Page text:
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Life of a Homeschool Blogger

Organizing a Homeschool Blogger

As voting for the Homeschool Blog Awards is set to begin soon, we want to bring a bit of focus to the work a blogger does, behind the scenes. Sometimes, in life, those who encourage can benefit from a bit of encouragement as well.

Homeschool Bloggers can stay organized with a planner, we offer 10 to choose from at The Homeschool Post.

We read all the time how homeschooling isn’t just about school choice, it’s more than an educational approach, it’s a lifestyle. The dynamics of homeschooling can make for a hyper focused family life, or a chaotic family life or if you are very diligent a completely organized family life. Throw in a homeschool mom who has a desire to write or create in her own way, and you will most likely find a homeschool blogger.

Homeschool bloggers blog for many reasons. Some have a desire to share the materials that they create with others. While others have a desire to encourage and support other moms who are in the homeschooling trenches day to day. Still others have a strong desire to journal, creating a blog document of what their family is doing.

Balancing home, homeschooling and blogging can seem like a daunting task and at times one might feel completely overwhelmed. For many, the best way to keep the family, homeschooling and blogging organized is to use a planner. {Tweet That} Planners come in all shapes, sizes and for many purposes.

10 Homeschool Blogger Planners to Choose From

Today I bring you 10 blog planners for you to consider for keeping organized with your homeschool blogging.

  1. Great Peace Academy’s Blog Planner
  2. Tina’s Dynamic Homeschool Plus Blog Planner
  3. My Joy Filled Life Blog Planner
  4. Mama Miss’s Blogger Planner, Calendar and Menu Planner
  5. Homeschool Creations Blog Planner
  6. Living Well Spending Less’s. How to Blog for Profit without Losing Your Soul’s Blog Planner
  7. Lamberts Lately Blog Planning Notebook
  8. Say Not Sweet Anne’s Modular Planner
  9. Portland Bloggers Blog Planner
  10. Organizing Life’s, Blog Planner


More Blog Planner Ideas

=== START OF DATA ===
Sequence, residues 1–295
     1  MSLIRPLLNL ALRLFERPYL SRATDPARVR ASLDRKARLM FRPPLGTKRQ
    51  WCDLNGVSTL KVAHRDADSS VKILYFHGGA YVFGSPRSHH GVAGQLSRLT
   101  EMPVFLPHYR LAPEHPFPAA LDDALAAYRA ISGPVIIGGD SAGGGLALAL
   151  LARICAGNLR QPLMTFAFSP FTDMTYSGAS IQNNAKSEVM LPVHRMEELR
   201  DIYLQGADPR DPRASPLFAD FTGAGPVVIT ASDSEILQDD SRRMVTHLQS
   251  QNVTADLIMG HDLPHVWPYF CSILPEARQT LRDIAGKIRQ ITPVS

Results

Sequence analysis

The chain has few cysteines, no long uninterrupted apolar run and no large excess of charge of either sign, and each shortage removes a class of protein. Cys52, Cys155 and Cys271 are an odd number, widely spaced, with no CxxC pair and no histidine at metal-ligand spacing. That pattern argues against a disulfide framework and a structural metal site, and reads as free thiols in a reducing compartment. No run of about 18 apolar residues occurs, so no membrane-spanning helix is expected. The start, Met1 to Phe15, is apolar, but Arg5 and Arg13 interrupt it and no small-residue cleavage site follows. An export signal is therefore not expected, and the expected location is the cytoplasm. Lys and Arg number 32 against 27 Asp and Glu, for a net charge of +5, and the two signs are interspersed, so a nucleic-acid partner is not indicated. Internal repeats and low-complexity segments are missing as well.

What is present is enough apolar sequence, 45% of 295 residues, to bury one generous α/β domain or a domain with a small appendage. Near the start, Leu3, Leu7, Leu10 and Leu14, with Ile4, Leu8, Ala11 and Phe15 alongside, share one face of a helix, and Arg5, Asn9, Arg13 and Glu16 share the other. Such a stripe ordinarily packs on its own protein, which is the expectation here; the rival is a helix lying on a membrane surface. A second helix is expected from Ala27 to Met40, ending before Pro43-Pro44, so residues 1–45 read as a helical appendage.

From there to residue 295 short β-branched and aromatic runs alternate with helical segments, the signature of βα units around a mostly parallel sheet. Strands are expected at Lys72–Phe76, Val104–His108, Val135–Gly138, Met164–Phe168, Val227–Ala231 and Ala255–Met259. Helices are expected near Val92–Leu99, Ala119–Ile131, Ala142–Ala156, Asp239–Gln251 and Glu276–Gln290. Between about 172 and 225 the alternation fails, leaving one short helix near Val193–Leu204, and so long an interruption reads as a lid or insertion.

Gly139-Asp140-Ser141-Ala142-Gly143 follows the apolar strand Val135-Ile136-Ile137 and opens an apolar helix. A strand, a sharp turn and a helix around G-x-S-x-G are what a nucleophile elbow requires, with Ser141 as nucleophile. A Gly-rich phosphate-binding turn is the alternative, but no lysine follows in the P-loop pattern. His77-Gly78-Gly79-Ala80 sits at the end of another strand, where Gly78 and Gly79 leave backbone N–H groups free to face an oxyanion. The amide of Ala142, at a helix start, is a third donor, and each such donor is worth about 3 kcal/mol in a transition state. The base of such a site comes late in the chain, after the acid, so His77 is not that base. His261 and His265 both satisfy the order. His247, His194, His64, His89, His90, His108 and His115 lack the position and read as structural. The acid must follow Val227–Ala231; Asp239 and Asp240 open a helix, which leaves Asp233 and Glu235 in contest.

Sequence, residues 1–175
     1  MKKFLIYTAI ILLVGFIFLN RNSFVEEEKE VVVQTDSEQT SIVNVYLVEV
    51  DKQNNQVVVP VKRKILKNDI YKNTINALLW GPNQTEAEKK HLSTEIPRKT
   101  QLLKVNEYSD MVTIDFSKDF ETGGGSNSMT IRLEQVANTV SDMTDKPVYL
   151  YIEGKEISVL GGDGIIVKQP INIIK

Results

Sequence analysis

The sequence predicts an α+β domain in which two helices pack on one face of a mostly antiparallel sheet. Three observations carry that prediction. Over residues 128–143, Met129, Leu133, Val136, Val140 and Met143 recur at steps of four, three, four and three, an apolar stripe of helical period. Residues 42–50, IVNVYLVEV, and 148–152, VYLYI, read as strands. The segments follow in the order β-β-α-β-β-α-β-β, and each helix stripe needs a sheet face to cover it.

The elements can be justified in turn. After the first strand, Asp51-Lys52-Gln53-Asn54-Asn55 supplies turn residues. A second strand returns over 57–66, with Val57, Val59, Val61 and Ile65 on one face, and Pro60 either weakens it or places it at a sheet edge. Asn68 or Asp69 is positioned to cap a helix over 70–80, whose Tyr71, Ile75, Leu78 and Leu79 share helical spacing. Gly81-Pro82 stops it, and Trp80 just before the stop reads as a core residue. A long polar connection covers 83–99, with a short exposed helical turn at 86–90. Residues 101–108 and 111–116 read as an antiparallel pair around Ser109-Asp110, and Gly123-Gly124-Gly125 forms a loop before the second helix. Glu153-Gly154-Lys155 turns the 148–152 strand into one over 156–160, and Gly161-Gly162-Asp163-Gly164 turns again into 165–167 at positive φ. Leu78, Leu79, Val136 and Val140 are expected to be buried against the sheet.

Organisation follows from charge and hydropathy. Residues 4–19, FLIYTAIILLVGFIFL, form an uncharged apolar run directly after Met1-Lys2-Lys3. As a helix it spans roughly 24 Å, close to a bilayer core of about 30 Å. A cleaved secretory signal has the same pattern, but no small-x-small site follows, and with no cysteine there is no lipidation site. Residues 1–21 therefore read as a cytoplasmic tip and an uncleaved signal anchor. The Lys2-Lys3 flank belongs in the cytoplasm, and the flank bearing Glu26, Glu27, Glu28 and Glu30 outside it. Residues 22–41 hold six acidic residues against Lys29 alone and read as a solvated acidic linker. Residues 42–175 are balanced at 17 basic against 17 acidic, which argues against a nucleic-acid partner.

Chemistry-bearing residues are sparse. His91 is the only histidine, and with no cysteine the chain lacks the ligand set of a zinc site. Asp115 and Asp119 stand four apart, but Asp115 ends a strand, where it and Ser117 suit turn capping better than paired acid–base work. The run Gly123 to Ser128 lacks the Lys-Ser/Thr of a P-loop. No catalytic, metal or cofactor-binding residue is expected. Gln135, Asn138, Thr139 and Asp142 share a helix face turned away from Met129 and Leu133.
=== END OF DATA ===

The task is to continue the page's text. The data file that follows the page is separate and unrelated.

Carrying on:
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How do you keep your blogging organized?

Renée (19 Posts)

Renée Brown is author at her personal blog, Great Peace Academy. She is a homeschooling mom to her one amazing son, Jonathan and has been the wife of her Beloved Michael for 21 years. On her blog you will find discussions about her work as a homeschooling mom, her family and her faith.

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Homeschool Products from Nest Learning
***Early Christmas special for HOMESCHOOL POST readers: 25% off BIBLE STORIES 5 DVD Boxed set + FREE SHIPPING. Over 17 hours of content including 15 stories and 15 complete step-by-step art lessons. Code to use: HSP***
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5 Tips for Homeschooling Through Chaos

Job loss. Moving. New babies. High risk pregnancy. Hospitalization. Injury. Chronic pain disability.

These are a few of the things that we, at the Non Stepford house, have dealt with during our almost (gasp!) eight years of homeschooling.

That’s one of the many things nobody warns you about when you embark on the homeschooling path. Life keeps happening. As a homeschooler, you’re not immune to the chaos that life throws at you. In fact, I sometimes wonder if homeschooling isn’t some sort of lightening rod for it, or if it’s like hanging a sign on your front door saying, “Murphy! Come visit!”

homeschooling through chaos

The old saying goes, “When the going gets tough, the tough get going.” Personally, the only place I tend to get going is to the fridge, to see if there’s any cheesecake hidden away.

I’ve been asked, many, many times, why I don’t just put the Minions in public school. I’ve given many thoughtful, profound answers over the years, but really, it boils down to three things: 1) Homeschooling is best for our family, 2) I don’t want to, and 3) I’m stubborn as all holy heck. To me, asking why I don’t put the kids in school is akin to asking, “Why don’t you quit parenting?” It’s a part of our life as a family now, and not something I’d ever willingly give up, at least during the elementary years. High school, I’m willing to negotiate on, depending on what the situation is. Heck, I’ve been known to BEG Diva, our almost 16-year-old, to try high school, but no dice.

See, I’m not someone who always planned to homeschool. We started as a direct result of Diva being horribly bullied…so we started out in chaos. And have been fumbling our way through ever since.

My tips for homeschooling through chaos:

  1. Scale back – Do what you can, as you can. If that means math and read alouds are the extent of your ability that day, that’s okay.

  2. Use media – Personally, I love me some National Geographic. There are loads of science shows geared for children, and I have no guilt at all in plugging them in to Magic School Bus, Kratts Creatures, or similar. The Middle Minions think Horrible Histories is fantastic. I also looked for free online ‘games’ for reading, spelling and math. They think they’re playing, but I know they’re learning. Win!

  3. Delegate – Daddy Wolf is probably the biggest resource I have. I can count on him to oversee math, to have the kids read to him, and to do read alouds when I’m not able. Diva, the teenager, does art with the Middle Minions, because since becoming one-armed (and left at that!) cutting, sewing, and painting are not in my abilities.

  4. Be patient – This is for you. Remember, when chaos hits, everyone is out of sync. Kids are more rambunctious, or at least the Minions are. If I’m stressed, or out of whack, so are they. I find that giving them some physical activities outside helps tremendously. Burn off that energy, so they can settle down and focus.